MASSIVE SPOILER WARNING
So you know how the movie’s big villain is The Mandarin, a mysterious Middle-Eastern-ish terrorist leader played by Ben Kingsley? SURPRISE! It’s actually….not. When Tony and Rhodey track down the Mandarin and confront him, turns out he’s really a bumbling British actor hired by Killian to be the front of a fictional terrorist organization Killian concocted as a part of his master plan. And I mean, it’s a funny scene but….you really just pissed away Ben Kingsley as your villain for the sake of a gag? He’s Ben fucking Kingsley, the man’s gotten playing bastards down to a science, did you SEE Sexy Beast?
And it wouldn’t be so bad if the movie had an interesting villain to fall back on, but instead the role is filmed for the rest of the movie by an evil businessman in a suit who wants to play people against each other and make lots of money. Now where have I seen that before? Oh yeah, every other damn movie in this series! I’ve had enough of guys in suits, give me Super-Bin Laden! Give me someone interesting for crimminey’s sake. Guy Pearce is a fine actor but Aldrich Killian is probably the most boring villain in any Marvel movie to date, and you got rid of the interesting guy….why? For the sake of a twist? So you can have Ben Kingsley play drugged out and doofy? Was it really worth it?
HERE ENDETH THE SPOILERS
The movie even uses the vaunted post-credits scene, normally used to tease the next Marvel movie or do some world building, for an entirely disposable comedy scene between RDJ and an old friend from Avengers. And again, it’s a funny scene and it was nice to see them onscreen together again, but once the funny wore off I honestly felt gypped. I’m supposed to leave that theater warm with the knowledge that I saw a tantalizing glimpse of what’s to come, usually something you need to be a comic geek just to understand, not a minute or so of improv comedy. I mean yeah, it’s breaking from the formula, which is good, but at the same time I was hoping for something a little more.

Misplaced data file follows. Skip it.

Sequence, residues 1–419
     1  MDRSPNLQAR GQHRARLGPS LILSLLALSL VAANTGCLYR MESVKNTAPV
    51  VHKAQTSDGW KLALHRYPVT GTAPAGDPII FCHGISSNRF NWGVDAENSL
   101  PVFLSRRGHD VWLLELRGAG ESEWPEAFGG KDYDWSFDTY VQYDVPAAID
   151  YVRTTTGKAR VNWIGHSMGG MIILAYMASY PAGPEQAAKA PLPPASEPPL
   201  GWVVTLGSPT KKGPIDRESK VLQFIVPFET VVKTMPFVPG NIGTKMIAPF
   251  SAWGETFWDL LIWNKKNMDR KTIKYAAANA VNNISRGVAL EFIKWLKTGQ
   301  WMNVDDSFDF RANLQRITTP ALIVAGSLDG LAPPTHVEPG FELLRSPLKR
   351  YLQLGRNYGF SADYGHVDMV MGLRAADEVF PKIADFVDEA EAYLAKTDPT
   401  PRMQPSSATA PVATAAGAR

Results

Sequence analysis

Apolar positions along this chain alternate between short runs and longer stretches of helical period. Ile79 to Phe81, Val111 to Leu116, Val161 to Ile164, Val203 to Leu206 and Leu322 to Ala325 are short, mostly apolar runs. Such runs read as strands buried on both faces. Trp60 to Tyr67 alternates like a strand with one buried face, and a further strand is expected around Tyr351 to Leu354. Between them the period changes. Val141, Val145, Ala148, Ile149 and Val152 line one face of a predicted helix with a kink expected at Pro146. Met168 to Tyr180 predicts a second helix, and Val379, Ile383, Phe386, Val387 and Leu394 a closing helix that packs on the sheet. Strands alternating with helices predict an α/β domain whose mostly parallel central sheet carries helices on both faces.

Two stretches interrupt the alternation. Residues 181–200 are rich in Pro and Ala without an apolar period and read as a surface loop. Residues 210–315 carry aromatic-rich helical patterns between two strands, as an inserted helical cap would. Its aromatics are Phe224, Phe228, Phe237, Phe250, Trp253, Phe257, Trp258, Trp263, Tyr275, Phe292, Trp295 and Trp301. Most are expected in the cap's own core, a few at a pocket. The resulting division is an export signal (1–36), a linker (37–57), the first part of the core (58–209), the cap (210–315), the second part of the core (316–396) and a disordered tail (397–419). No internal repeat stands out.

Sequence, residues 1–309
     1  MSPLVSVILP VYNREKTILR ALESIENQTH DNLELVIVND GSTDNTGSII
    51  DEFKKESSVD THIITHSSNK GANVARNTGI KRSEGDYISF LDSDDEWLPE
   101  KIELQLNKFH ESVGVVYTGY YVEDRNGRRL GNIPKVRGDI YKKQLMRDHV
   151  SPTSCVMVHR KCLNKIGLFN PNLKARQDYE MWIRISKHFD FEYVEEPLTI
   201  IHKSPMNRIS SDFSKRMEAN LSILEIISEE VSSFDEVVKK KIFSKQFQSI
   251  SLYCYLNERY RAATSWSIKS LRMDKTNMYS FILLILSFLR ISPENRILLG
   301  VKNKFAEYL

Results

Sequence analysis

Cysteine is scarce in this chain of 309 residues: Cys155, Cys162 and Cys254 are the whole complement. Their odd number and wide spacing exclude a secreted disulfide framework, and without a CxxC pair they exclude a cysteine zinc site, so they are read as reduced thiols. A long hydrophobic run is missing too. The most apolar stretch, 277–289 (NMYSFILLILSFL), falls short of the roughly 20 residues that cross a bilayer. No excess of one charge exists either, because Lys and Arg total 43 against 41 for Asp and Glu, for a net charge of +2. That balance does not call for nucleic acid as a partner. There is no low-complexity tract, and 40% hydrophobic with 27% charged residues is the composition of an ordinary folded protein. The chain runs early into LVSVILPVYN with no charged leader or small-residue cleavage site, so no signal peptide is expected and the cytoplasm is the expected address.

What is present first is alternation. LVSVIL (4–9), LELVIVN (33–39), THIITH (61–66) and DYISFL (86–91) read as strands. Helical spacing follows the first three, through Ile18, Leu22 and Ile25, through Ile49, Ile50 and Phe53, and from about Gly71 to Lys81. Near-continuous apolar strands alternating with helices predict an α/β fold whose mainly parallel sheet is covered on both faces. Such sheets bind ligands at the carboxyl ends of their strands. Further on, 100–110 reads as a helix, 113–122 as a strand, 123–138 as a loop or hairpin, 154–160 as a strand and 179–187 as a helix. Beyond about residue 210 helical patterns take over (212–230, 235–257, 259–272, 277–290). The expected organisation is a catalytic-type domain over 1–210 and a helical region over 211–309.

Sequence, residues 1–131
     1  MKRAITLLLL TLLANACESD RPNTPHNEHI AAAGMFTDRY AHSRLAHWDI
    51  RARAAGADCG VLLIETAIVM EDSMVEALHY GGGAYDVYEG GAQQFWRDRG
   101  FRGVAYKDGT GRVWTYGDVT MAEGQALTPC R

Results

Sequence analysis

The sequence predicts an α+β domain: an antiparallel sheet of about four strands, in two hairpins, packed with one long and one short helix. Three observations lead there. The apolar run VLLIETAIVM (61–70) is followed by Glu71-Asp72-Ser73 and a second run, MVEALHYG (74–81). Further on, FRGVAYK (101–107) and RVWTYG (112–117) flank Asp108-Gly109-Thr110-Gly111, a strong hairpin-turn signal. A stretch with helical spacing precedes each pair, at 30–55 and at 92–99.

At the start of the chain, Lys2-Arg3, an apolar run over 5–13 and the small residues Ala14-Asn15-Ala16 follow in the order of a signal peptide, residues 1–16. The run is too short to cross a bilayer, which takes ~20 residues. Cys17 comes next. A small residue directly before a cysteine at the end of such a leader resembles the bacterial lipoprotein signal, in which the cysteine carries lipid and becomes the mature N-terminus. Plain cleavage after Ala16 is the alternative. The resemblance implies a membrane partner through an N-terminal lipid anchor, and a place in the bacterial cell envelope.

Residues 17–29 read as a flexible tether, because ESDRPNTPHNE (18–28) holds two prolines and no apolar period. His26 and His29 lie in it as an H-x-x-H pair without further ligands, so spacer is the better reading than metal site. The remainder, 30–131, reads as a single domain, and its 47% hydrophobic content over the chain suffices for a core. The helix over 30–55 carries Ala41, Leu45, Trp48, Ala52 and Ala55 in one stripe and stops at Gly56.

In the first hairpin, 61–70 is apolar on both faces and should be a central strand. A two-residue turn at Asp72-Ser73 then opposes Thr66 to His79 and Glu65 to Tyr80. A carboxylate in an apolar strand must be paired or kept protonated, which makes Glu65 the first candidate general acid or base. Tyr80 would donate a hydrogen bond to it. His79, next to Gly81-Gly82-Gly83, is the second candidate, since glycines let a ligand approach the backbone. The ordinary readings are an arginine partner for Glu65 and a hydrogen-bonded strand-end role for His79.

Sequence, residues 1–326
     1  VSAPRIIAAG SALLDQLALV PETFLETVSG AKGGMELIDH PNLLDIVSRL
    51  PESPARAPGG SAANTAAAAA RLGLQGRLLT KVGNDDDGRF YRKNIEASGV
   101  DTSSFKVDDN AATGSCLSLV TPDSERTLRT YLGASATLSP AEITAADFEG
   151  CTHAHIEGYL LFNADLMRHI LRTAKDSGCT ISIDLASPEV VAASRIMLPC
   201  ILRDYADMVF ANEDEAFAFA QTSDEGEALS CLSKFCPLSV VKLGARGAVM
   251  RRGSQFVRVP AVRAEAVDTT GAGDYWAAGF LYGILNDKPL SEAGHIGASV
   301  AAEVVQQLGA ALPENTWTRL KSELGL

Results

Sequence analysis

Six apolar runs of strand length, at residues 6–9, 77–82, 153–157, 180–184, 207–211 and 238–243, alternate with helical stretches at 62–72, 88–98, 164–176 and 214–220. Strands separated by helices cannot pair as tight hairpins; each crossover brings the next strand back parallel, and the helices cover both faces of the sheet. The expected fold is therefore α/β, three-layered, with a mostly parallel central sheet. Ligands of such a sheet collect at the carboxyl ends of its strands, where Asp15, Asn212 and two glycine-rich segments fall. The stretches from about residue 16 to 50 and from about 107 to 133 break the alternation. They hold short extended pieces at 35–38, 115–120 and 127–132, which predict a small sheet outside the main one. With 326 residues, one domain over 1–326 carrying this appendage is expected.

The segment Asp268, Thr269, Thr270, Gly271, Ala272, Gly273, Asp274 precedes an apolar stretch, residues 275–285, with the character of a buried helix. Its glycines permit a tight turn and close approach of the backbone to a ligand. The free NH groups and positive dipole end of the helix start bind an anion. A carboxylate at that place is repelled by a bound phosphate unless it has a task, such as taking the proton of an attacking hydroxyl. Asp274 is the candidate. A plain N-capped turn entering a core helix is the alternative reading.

Now, all this isn’t to say Iron Man 3 isn’t a good movie. When it does remember to be an action movie, it’s a pretty good one (though despite what you may have heard, the finale doesn’t top that of The Avengers) and Robert Downey Jr, Gwenyth Paltrow and Don Cheadle all give great performances. It does a lot of things I like, like actually name its characters and even have Tony grow and move forward in pretty significant ways. But at the same time I kept getting the occasional nagging feeling that it just wasn’t taking itself seriously enough, and wasting too much time and potential on comedy. This is, of course, an entirely personal gripe and whether or not you’ll share it with me depends entirely on what you expect to get out of the movie. If you want a fun, high-comedic action adventure movie, Iron Man 3 is pretty up your alley. But if you’re hoping for the slightly more serious tone set by the last two movies, you may like me walk away a tad disappointed.